At the request of the Pointe-au-Chien Indian Tribe (PACIT), a Mississippi-Alabama Sea Grant-supported research team mapped historical tribal lands, which is aiding its application for federal recognition. The tribe also has used the maps in the process to preserve a Native American sacred mound. (2017)

Sea Grant builds bridge of trust with people who have questions about impacts of oil spills

Relevance:

A substantial amount of oil spill science information has been released since the 2010 Deepwater Horizon oil spill. People whose livelihoods depend on a healthy Gulf of Mexico may have trouble accessing and/or understanding the science published about the Deepwater Horizon oil spill, particularly if scientific language is too technical or study results appear contradictory.

Response:

The Sea Grant Oil Spill Science Outreach Program collects and translates peer-reviewed research for target audiences who rely on the Gulf for work or recreation. Through the life of the program, the team has built contacts around the region through one-on-one and large-group engagement with stakeholders. To examine the success of these efforts, Sea Grant partnered with NOAA’s Office of Coastal Management to conduct two social network analyses of oil spill science information.

Results:

The NOAA/Sea Grant social network analysis revealed that the Sea Grant oil spill science outreach team members have played a prominent role in the oil spill science information social network to bridge communication between all target audiences. As they form relationships throughout the country, their influence spreads and new audiences seek them as a trusted resource. As a result, the oil spill response community involved team members in updating future spill response plans and industry leaders asked them to present emerging oil spill science at local, regional and national meetings.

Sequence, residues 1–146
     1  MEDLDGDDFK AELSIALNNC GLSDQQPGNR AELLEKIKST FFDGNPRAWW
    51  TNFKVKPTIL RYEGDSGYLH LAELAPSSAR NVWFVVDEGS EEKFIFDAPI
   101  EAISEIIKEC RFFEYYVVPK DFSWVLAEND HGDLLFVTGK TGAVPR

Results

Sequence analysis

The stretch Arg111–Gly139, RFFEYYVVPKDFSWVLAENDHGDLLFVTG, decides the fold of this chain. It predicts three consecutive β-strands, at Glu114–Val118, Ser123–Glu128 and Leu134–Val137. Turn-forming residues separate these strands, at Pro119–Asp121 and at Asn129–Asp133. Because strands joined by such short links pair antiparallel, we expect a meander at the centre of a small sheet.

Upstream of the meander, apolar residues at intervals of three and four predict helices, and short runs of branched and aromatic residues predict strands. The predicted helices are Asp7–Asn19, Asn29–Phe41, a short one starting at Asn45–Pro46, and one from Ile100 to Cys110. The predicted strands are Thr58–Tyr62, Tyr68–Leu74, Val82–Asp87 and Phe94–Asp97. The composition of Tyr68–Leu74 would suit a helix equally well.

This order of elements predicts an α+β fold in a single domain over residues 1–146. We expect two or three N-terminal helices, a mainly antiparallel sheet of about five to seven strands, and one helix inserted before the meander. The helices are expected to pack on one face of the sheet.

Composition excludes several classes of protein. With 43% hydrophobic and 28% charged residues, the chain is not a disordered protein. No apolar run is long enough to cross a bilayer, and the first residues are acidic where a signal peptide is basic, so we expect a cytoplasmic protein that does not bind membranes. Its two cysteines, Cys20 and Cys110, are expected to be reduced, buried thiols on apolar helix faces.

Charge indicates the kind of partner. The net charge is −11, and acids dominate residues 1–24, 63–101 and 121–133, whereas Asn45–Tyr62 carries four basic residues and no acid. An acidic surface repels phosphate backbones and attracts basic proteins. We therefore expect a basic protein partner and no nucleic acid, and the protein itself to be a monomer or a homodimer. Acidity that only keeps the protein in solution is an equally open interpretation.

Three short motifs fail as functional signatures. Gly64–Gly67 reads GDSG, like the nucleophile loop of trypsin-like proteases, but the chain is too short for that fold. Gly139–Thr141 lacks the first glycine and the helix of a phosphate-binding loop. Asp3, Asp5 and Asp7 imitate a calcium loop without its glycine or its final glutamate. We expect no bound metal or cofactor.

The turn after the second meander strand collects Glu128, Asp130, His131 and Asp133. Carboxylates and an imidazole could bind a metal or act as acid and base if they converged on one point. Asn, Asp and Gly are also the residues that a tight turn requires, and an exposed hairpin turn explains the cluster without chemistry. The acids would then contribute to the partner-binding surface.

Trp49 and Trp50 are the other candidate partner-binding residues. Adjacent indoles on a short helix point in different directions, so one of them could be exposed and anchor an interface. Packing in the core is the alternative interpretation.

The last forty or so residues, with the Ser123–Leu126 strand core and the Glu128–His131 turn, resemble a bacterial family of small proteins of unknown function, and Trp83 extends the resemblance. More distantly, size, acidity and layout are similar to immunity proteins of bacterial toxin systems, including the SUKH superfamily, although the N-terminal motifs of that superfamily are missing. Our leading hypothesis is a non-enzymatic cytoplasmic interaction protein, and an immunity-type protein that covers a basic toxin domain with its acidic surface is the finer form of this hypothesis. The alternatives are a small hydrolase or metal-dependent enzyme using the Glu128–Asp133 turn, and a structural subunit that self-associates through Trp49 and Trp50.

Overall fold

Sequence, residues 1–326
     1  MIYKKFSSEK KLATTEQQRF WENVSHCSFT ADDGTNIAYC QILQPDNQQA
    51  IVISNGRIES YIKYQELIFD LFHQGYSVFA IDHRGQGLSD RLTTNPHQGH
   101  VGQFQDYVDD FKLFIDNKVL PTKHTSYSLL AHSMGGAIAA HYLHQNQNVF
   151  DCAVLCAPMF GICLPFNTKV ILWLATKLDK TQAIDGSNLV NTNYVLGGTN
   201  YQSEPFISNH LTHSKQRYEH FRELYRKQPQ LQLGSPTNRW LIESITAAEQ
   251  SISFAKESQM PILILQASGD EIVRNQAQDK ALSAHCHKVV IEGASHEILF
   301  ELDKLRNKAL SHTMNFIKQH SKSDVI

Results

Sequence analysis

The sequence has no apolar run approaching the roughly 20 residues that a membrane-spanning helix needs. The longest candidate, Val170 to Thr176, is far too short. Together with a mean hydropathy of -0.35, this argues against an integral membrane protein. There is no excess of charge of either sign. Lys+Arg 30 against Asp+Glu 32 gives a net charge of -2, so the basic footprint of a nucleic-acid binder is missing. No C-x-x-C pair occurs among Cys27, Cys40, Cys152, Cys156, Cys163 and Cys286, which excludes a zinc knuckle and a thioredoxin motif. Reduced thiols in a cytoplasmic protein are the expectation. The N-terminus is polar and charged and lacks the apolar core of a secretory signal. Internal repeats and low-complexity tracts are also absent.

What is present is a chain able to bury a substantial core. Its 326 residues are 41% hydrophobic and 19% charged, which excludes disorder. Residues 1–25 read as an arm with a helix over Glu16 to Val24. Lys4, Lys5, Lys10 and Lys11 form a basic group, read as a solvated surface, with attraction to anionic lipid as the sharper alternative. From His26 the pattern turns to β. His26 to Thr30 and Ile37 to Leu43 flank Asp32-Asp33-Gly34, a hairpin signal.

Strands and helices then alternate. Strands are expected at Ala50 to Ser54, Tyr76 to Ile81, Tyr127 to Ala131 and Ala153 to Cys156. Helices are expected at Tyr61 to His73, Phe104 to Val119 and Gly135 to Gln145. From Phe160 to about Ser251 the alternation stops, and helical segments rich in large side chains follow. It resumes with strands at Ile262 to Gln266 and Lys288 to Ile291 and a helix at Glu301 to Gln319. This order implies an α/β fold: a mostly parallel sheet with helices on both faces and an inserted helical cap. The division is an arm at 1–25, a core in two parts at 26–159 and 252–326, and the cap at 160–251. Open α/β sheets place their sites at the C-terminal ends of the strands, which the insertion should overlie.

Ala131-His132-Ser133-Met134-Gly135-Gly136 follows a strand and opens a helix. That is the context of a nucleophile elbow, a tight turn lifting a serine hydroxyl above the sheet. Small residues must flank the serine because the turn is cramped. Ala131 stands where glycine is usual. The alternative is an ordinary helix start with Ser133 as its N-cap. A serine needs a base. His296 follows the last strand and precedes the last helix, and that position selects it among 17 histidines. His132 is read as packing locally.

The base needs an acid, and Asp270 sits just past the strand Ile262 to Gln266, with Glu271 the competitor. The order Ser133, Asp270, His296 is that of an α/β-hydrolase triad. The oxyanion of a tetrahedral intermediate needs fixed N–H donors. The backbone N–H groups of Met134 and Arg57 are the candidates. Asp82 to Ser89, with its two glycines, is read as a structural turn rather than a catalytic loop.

Recap:

In less than four years, the Gulf of Mexico Sea Grant oil spill science outreach program has matured to become a trusted resource for current oil spill science, successfully engaging with the target audiences who seek them for credible oil spill information. (2017)

Emergency responders use information synthesized by Sea Grant oil spill team to protect society, environment

Relevance:

Emergency responders are required to complete training courses throughout their careers and regularly attend Regional Response Team and Area Committee meetings to stay informed about local, regional and national spill response issues and best practices. Post-Deepwater Horizon oil spill, the emergency response community needed to incorporate current, relevant and synthesized science information into response education, training and planning activities.  The NOAA Office of Response and Restoration, the U.S. Coast Guard and the National Spill Control School invited the Sea Grant oil spill science outreach program to address this need.

Response:

The Sea Grant-led outreach program synthesized science to develop oil spill science publications, seminars and trainings specifically for emergency responders. The National Spill Control School at Texas A&M University trains approximately 400 students annually, including courses for academic credit and individuals from industries and government agencies. The school adopted the Sea Grant oil spill science program’s publications as a training tool. NOAA’s Science of Spills courses help emergency responders increase their understanding of spill science when analyzing spills and making risk-based decisions. The Sea Grant program presented new science to Science of Spills’ trainees. Sea Grant specialists also participated in Regional Response Team and Area Committee meetings to update Area Contingency Plans and present new science.

Results: